Author Interviews, Genetic Research, JAMA, Weight Research / 18.02.2014

Dr Clare Llewellyn PhD Cpsychol Lecturer in Behavioural Obesity Research Health Behaviour Research Centre Department of Epidemiology and Public Health University College London, London MedicalResearch.com Interview with: Dr Clare Llewellyn PhD Cpsychol Lecturer in Behavioural Obesity Research Health Behaviour Research Centre Department of Epidemiology and Public Health University College London, London MedicalResearch.com: What are the main findings of the study? Dr. Llewellyn:This study indicated that appetite – and, in particular, satiety sensitivity (how quickly you feel full during eating, or how long you remain full after eating) – could be one of the mechanisms through which ‘obesity genes’ influence body weight. We know that body weight has a strong genetic basis, but the mechanisms through which ‘obesity genes’ influence weight are largely unknown. We showed that children with a higher genetic predisposition to obesity (estimated from a score comprising 28 known obesity-related genes) not only had more body fat (a larger BMI and waist circumference), but importantly they were also less sensitive to satiety. (more…)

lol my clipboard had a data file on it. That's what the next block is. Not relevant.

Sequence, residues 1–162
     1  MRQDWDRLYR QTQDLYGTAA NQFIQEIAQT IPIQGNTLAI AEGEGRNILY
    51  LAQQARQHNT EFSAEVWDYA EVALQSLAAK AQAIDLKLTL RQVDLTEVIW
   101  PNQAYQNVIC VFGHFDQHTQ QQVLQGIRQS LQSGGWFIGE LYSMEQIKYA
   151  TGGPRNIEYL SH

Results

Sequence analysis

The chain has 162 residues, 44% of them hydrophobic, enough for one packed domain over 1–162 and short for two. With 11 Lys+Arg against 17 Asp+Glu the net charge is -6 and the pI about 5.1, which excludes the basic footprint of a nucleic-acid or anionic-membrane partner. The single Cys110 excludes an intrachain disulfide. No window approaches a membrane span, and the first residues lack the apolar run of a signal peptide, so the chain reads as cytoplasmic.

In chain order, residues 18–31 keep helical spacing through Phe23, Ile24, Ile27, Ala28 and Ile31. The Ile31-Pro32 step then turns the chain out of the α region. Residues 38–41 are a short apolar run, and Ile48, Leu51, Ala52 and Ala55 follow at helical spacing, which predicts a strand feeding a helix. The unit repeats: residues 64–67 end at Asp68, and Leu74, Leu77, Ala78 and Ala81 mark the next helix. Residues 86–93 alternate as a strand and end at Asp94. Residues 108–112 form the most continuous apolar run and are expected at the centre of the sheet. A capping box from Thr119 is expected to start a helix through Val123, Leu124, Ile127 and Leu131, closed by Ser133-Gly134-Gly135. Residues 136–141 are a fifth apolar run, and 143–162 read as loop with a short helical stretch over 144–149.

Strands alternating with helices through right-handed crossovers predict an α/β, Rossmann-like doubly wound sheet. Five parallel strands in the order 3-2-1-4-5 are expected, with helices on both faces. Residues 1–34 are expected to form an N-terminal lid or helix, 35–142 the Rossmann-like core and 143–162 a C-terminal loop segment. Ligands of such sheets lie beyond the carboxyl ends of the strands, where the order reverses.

Alcohol, Author Interviews, Genetic Research, University of Pennsylvania / 14.02.2014

Henry R. Kranzler, MD Professor, Department of Psychiatry Director of the Center for Studies of Addiction. University of Pennsylvania Perelman School of Medicine, Philadelphia MedicalResearch.com Interview with: Henry R. Kranzler, MD Professor, Department of Psychiatry Director of the Center for Studies of Addiction. University of Pennsylvania Perelman School of Medicine, Philadelphia MedicalResearch.com: What are the main findings of the study? Dr. Kranzler: The study had two main findings:
  • First, topiramate, at a maximal dosage of 200 mg/day, which is lower than the 300 mg/day used in prior treatment trials, substantially reduced the frequency of heavy drinking and increased the frequency of abstinent days more than placebo. The lower dosage was well tolerated.
  • Second, a variant in a gene that encodes a receptor subunit that binds topiramate moderated the response to topiramate. That is, C-allele homozygotes in the single nucleotide polymorphism rs2832407 in GRIK1, the gene encoding the GluK1 subunit of the kainate receptor, were the subgroup that accounted for the effects of topiramate on heavy drinking. This has important implications for the personalized treatment of alcohol use disorder, in that 40% of people of European ancestry have this genotype and, if confirmed, these findings would make it possible to screen people genetically to select an effective treatment.
(more…)
Author Interviews, Genetic Research, Psychological Science / 21.01.2014